The global satellite bus market size was valued at USD 8.65 billion in 2021. It is expected to reach USD 11.7 billion by 2030, growing at a CAGR of 3.9% during the forecast period (2022–2030).
The satellite bus, commonly known as the satellite's body, contains all satellite elements and associated scientific equipment. Satellite buses are crucial as they are in charge of launching the satellite equipment safely into space. Satellite platforms, also referred to as satellite buses, are becoming increasingly important due to the growing commercial need for small satellites.
A satellite bus is a centralized power or data distribution network that contains thermal control, telemetry tracking and command, an electric power system, an attitude control system, and a propulsion system. It is constructed by the manufacturers based on the specifications provided by the customers and the kind of payload it transports. A satellite bus's capacity is determined by its capacity to carry payloads and complete missions.
Over the past ten years, the satellite sector has seen significant development. It is an excellent need in industries including communication, navigation, earth observation, and several branches of science. This is likely to increase demand for additional satellites, increasing demand for satellite buses throughout the projection period. The need for satellites has risen in recent years from the civil/government, industrial, and military sectors. Currently, countries with adequate capacities in the production of satellite buses include the United States, Russia, China, India, Japan, and a few European nations. However, the production of satellite buses is anticipated to spread to several countries worldwide, along with the growing trend toward producing smaller satellites.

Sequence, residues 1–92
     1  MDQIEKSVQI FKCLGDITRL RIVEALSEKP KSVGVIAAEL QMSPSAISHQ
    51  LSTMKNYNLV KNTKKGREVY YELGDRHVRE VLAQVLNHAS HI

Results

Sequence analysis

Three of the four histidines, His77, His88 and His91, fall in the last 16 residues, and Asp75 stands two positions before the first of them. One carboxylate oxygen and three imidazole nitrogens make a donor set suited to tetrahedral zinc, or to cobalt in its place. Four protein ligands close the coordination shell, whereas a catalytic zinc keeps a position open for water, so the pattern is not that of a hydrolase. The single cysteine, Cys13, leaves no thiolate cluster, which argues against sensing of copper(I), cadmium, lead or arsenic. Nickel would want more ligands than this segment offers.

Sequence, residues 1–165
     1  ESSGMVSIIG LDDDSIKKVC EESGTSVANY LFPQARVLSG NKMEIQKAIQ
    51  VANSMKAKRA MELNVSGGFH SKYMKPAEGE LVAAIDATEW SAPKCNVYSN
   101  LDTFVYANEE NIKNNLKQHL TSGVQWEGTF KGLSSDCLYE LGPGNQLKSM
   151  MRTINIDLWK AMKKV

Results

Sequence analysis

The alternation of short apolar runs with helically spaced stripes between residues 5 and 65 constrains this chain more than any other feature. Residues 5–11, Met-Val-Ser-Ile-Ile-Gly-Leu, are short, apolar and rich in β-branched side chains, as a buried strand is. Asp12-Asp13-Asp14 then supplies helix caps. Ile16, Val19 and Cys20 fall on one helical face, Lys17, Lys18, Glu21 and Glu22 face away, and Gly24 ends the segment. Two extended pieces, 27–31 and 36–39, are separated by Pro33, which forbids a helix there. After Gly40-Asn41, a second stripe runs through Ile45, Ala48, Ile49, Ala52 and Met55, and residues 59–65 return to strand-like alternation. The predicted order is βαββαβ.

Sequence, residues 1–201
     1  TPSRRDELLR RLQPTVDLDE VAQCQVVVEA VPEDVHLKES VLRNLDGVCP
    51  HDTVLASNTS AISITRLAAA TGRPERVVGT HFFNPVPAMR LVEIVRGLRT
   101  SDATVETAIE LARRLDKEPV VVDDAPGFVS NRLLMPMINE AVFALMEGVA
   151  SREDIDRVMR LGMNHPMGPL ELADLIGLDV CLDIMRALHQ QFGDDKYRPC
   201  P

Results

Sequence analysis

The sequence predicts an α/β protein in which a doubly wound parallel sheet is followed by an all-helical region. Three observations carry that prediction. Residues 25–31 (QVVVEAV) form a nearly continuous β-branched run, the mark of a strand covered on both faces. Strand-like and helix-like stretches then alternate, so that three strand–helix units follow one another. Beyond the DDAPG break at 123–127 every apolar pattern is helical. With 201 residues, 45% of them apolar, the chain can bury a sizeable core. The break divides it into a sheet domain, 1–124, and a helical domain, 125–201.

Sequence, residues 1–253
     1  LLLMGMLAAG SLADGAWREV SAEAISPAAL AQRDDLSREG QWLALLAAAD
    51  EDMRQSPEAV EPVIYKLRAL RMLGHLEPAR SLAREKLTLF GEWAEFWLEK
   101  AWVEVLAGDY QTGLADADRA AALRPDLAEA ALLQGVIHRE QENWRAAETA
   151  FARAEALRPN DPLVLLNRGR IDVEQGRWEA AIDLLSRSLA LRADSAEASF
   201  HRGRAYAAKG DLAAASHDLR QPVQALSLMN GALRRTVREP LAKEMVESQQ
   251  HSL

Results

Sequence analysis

Due to the advantages of small satellites, there has been a noticeable rise in the number of small satellites deployed. They are easier to mass produce and have lower manufacturing costs. Technological revolutions have made it possible to miniaturize electronics, spurring the development of smart materials and, over time, allowing manufacturers to produce smaller, lighter satellites. Additionally, there is a demand for small satellites and miniature rockets due to the numerous start-ups in the aerospace and space industries that have a keen interest in satellite research and design.